How do the Flames get out of this ever growing rut year after year? If you don’t want to overpay and go balls deep in free agency this summer, can’t trade many of your players because the 29 other GM’s know what you have, and are constantly drafting 10th-16th (?); what does Feaster do to make this team an upper tier team? I can’t figure out why they would not look into trading Iginla or Kiprusoff or anyone else for that matter that is over 30 years old. I get that without Iginla and Kiprusoff that the Flames will likely lose their share of games, but can it get much worse than it is now. There is no skill or speed in this lineup. They have shown over the last decade (minus 04) that they are a very inconsistent team with little heart. If the Flames could get quality picks and prospects for Iginla and Kiprusoff, at least the future would be bright. Right now the future looks like it did last year, and the year before that ect, ect.

    I went to a flames game about a month ago when they lost to Columbus in a shootout. I sat close to Ken King and asked the season ticket holders next to me who were the guys sitting with him.They said thatthey were the corporate head honchos (owners? sponsors? big spenders? I’m not sure). I found it funny they all had Flames jerseys on with #12 Iginla stiched on the back. In my mind the people who know nothing of hockey are making the decisions on which way this club is heading. Maybe that’s the way it is in other NHL cities too, I don’t know. But when I seen all those Iginla jersey I knew right away that those guys will determine if Iginla is traded or not, not Jay Feaster.

    I’m frustrated. I can’t imagine owning season tickets to this farce.

  • jeremywilhelm

    That really rubs me the wrong way. Continuing to have mediocre seasons in order to maintain the flow of money? I know it’s a business, but still…. It’s a game as well.

    If I may quote Albert Einstein–> Insanity: Doing the same things over and over again and expecting different results.

    This team will not make the playoffs for a third year in a row, because management continues to twiddle their thumbs while counting the stash of cash they continue to gather.

    My rant is now done… have a nice day

    • Id say the people in question don’t expect things to change – or least hope they don’t on the dollars side. It’s hard for me to overly indictment them over that either. I mean, they’re making good bank with the strategies they’ve employed over the last 7 years or so.

      And to be fair, the franchise has certainly shown a willingness to make some changes. They have fired a handful of coaches, a GM and made a lot of personnel moves. The last mile – to commit to a full rebuild – is long one given what they would be risking.

      This isn’t me necessarily condemning King and company. Just sketching out the lay of the land.

      • RexLibris

        Great article, Kent. Thank you for writing it. I have listened (read, actually) to several comments here over the past couple of years about the revenue generated by Iginla’s role on this team and it became clear fairly quickly that his impact on this franchise was seen by fans as not merely limited to on-ice performance and community work. I think that his importance, financially, to the Flames, and by extension their fans, is what drives a lot of the emotion that surfaces when fans are engaged in the “trade Iginla” debate and what the return ought to be.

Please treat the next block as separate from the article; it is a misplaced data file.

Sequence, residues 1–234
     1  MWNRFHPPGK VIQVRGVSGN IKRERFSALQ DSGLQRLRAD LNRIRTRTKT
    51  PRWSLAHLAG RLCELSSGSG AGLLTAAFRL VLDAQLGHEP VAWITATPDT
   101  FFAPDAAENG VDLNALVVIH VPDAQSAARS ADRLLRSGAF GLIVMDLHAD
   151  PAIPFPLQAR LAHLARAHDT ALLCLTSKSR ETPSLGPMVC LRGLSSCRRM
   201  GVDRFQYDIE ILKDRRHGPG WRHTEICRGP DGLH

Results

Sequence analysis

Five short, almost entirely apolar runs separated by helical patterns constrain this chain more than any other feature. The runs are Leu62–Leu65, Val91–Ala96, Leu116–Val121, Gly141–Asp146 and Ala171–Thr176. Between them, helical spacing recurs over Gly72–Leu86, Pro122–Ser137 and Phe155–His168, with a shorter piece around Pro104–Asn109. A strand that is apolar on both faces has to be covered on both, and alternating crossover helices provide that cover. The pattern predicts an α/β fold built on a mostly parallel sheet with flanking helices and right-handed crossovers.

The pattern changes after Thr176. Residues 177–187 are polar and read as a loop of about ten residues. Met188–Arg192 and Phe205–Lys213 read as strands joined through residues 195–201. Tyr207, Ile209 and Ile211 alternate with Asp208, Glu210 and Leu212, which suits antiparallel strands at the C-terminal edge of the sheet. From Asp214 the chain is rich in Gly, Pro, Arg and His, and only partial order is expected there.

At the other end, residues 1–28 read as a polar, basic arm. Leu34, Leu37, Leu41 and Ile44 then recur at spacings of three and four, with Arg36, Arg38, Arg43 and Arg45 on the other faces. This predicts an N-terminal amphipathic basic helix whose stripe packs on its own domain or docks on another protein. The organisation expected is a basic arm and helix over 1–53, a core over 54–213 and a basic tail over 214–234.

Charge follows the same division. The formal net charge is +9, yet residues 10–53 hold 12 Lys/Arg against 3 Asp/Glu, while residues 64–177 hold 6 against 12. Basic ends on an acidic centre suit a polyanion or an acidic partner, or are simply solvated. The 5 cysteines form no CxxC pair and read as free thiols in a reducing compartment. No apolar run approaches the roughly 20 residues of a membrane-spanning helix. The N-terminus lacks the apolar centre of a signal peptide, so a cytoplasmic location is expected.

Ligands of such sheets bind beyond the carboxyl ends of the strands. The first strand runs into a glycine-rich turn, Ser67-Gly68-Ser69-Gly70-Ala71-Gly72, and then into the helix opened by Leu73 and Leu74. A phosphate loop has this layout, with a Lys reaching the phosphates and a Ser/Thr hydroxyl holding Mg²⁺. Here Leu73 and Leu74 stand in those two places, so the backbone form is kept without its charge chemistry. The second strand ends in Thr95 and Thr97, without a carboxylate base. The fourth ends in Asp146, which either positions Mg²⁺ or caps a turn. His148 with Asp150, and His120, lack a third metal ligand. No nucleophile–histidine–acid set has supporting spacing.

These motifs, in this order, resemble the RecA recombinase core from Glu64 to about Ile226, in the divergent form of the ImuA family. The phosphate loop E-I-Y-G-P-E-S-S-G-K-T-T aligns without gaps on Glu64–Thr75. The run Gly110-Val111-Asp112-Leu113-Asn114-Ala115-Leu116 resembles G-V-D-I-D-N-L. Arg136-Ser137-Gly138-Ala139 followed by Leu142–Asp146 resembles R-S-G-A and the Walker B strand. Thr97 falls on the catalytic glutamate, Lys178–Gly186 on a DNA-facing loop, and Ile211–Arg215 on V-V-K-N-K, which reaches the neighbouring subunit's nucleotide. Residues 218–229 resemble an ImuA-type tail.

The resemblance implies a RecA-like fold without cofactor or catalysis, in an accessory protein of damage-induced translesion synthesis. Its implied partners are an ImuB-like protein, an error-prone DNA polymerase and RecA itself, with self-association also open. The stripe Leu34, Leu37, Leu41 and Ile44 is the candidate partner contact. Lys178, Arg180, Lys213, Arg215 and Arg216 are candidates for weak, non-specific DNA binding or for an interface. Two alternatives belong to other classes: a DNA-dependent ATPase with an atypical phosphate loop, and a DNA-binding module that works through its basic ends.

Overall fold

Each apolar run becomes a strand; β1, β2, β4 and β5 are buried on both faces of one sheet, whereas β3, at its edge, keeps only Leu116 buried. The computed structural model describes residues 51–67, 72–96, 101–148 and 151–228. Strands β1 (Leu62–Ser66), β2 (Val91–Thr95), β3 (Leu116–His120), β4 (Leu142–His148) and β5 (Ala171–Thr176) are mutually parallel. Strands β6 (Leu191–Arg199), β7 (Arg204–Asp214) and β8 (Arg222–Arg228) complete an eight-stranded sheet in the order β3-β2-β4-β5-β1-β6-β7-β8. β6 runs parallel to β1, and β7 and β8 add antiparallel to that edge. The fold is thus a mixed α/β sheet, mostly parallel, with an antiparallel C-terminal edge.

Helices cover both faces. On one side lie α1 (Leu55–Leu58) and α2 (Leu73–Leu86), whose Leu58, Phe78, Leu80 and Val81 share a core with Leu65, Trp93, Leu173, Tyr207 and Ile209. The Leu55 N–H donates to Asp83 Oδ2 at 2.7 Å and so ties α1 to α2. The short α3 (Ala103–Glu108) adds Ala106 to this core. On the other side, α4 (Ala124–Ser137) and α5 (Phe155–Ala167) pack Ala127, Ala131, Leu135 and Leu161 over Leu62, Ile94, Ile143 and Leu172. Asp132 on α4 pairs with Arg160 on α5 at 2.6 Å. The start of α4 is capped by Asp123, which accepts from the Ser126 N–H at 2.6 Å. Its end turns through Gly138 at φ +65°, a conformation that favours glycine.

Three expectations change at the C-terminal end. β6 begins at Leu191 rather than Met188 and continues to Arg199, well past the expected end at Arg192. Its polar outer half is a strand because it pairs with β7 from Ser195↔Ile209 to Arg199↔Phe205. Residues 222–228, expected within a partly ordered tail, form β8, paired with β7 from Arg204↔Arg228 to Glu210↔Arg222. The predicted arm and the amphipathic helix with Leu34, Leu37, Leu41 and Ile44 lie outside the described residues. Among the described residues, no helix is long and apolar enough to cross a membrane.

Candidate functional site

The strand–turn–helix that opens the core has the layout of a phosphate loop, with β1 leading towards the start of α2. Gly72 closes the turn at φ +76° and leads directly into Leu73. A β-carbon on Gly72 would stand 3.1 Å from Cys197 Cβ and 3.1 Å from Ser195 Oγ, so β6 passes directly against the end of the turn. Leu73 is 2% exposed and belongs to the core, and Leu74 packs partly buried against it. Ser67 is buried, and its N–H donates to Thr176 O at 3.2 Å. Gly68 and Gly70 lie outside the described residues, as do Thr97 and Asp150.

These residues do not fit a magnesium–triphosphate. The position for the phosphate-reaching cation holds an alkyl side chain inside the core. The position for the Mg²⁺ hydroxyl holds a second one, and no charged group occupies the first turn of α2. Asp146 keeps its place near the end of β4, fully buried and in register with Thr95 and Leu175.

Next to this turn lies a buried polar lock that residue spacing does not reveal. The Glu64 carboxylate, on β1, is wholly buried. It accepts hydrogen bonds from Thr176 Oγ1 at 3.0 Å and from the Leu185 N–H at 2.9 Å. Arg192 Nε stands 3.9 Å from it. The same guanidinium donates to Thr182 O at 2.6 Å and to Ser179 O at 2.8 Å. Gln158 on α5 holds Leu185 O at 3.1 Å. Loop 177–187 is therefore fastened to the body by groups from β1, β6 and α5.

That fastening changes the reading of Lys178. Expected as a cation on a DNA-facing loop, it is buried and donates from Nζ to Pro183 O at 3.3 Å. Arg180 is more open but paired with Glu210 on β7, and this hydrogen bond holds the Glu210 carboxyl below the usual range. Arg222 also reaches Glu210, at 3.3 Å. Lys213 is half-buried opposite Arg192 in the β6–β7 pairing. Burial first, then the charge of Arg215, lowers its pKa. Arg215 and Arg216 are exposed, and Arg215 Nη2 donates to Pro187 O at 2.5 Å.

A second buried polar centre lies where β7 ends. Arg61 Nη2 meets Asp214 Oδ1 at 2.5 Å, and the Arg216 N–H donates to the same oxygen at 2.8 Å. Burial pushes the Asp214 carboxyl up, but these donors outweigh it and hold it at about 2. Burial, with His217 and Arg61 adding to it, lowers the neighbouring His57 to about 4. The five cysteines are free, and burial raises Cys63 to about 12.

This is something that some people here may not want to hear, and it has been mentioned already, but I bring it up as some background reading regarding fans’ reactions to their team’s perpetual disappointment: check out Leafs Abomination by Dave Feschuk and Michael Grange. You can read about a beloved franchise that has been hijacked and abused at the fans’ expense for decades. I’ll save you some time in coming to the book’s general conclusion and one that speaks perfectly to the gist of this article, in the end the primary concern is about money, and if the fans want change then they need to stop feeding the dysfunctional system. In other words, if fans truly feel that the Flames organization doesn’t give a rat’s behind about winning and just wants to keep stringing you along ad nausuem for the money, then stop paying. Stop watching, stop buying and worst of all, stop talking about them.

        Yeah, I don’t see that happening, but it got that bad in Toronto, and the threat of it seemed to change the board’s minds a little bit. So maybe a threat is as far as fans in Calgary would need to go. The same discussion happened in Edmonton right before Katz took over, so I’m coming at this with some experience.

        With regards to the prospects and someone to take Iginla’s mantle, I just don’t see anyone stepping up in the next two years. I think Baertschi and Reinhart will excite, but not to the same degree. Likely the next Beloved of Fans will show up in some unexpected or at-this-time unforeseen way.

        On that note, Kent, once the WJs finish I’d be interested in reading your assessment of Baertschi and Granlund (Markus, of course). The former seemed to be fairly quiet, concussion aside, and the latter had a good game today. Just curious.

        Anyway, that post should put Vintage Flame a few cups of coffee over his daily limit. =)

      • jeremywilhelm

        The people in charge may not be expecting things to change, but some of the fans still hold hope for this team making the playoffs, or are otherwise hopeful for a full tool rebuild. Its high time the guys upstairs made up their mind on what their goal is. They are NOT making the playoffs with the team they have assembled, so either make changes in the lineup to give yourself a better shot at the playoffs, or trade some of your assets and get retooling. It makes me angry how money is such a driving factor in having a team continue to slide down into irrelevancy.